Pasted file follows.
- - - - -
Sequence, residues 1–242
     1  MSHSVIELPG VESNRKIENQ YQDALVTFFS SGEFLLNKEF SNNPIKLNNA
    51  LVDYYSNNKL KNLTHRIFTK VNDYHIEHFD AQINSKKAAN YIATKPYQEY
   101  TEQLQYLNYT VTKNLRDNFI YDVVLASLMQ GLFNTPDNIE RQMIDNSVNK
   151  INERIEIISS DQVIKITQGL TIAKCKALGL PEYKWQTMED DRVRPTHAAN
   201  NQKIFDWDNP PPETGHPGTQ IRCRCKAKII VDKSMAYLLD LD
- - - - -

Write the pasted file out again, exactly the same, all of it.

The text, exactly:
Sequence, residues 1–242
     1  MSHSVIELPG VESNRKIENQ YQDALVTFFS SGEFLLNKEF SNNPIKLNNA
    51  LVDYYSNNKL KNLTHRIFTK VNDYHIEHFD AQINSKKAAN YIATKPYQEY
   101  TEQLQYLNYT VTKNLRDNFI YDVVLASLMQ GLFNTPDNIE RQMIDNSVNK
   151  INERIEIISS DQVIKITQGL TIAKCKALGL PEYKWQTMED DRVRPTHAAN
   201  NQKIFDWDNP PPETGHPGTQ IRCRCKAKII VDKSMAYLLD LD